In turn, this helps streamline agency processes and eliminate redundancies — and it helps agencies come into compliance with the Federal Information Technology Acquisition Reform Act (FITARA). The Office of the Federal Chief Information Officer spells out on its website that agencies are required to create an updated enterprise road map that focuses on IT modernization and prioritizes high-risk IT systems.

According to the site, “Moving the federal government to modern infrastructure and cloud-based solutions is a fundamental necessity to building a digital government that is responsive to citizen needs and secure by design. Doing so will enhance agencies’ ability to protect sensitive data, reduce costs and deliver world-class services to the public.”

In an October 2016 blog post on the Obama White House website, then-Federal Chief Information Officer Tony Scott detailed four phases of IT modernization:

  1. Development of updated enterprise road maps that include where new investments can be made and legacy IT spending reduced
  2. Identification and prioritization of systems using criteria based on security and operational risks, business suitability and modernization impact according to the OMB/General Services Administration
  3. Development of modernization profiles for high-priority systems that have been prioritized for modernization, retirement or replacement
  4. Execution of budget planning processes and possible supplemental funding from Congress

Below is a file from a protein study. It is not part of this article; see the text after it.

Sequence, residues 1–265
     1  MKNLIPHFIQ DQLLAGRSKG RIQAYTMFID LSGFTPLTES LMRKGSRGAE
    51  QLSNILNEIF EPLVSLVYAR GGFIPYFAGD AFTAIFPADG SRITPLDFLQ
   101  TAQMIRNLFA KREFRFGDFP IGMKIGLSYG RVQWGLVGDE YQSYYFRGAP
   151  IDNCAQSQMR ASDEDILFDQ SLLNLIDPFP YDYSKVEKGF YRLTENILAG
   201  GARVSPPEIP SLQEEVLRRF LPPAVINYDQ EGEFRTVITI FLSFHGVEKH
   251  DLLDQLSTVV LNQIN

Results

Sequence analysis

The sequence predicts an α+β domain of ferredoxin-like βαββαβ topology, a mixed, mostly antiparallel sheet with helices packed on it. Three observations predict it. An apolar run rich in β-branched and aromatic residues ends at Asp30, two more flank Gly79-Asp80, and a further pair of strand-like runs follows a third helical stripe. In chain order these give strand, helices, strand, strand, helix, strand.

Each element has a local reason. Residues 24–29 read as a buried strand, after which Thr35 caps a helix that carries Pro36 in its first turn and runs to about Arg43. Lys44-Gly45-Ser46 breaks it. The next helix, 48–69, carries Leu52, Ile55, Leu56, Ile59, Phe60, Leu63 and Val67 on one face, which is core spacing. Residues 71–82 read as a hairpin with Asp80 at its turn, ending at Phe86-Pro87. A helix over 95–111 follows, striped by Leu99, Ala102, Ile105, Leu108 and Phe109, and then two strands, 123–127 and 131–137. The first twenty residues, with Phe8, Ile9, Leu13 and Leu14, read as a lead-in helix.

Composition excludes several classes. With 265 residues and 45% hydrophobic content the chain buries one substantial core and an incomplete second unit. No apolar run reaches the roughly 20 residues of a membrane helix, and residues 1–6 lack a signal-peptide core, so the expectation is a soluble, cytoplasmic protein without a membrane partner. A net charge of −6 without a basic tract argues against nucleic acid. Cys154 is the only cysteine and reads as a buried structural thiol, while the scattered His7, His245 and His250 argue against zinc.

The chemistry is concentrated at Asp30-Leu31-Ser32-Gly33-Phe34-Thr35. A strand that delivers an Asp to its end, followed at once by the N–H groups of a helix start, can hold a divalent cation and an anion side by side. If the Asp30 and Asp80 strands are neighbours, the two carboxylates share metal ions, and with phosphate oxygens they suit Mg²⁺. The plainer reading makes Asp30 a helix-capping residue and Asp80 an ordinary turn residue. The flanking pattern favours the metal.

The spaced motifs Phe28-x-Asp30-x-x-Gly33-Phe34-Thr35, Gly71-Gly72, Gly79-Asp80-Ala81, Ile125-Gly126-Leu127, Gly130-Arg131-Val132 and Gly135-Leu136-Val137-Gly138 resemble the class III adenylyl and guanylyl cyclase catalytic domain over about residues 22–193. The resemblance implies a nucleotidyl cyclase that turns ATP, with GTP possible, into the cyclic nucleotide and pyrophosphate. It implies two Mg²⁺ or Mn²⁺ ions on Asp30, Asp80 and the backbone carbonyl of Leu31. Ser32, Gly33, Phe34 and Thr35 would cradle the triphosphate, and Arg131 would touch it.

“Modernization would improve the ability of these systems to deliver the necessary levels of functionality, security and efficiency to satisfy and secure the needs of agency users, stakeholders and the American public,” Scott said in his post.

Federal IT solutions

The legacy infrastructure most agencies struggle with still handles critical data and has staff trained to operate it. Systems that provide essential services — and that have already come with significant financial investment — can’t just be thrown out without wreaking havoc on staff and constituents alike.

The practical way to begin the IT modernization process is with a hybrid infrastructure strategy. Well before designing customer websites or even employee interfaces, agencies need to have their architecture secured and prepared to scale with increased volumes of data. A hybrid approach allows the existing system to continue operations while a next-generation technology solution is implemented and can expand the agency’s mission.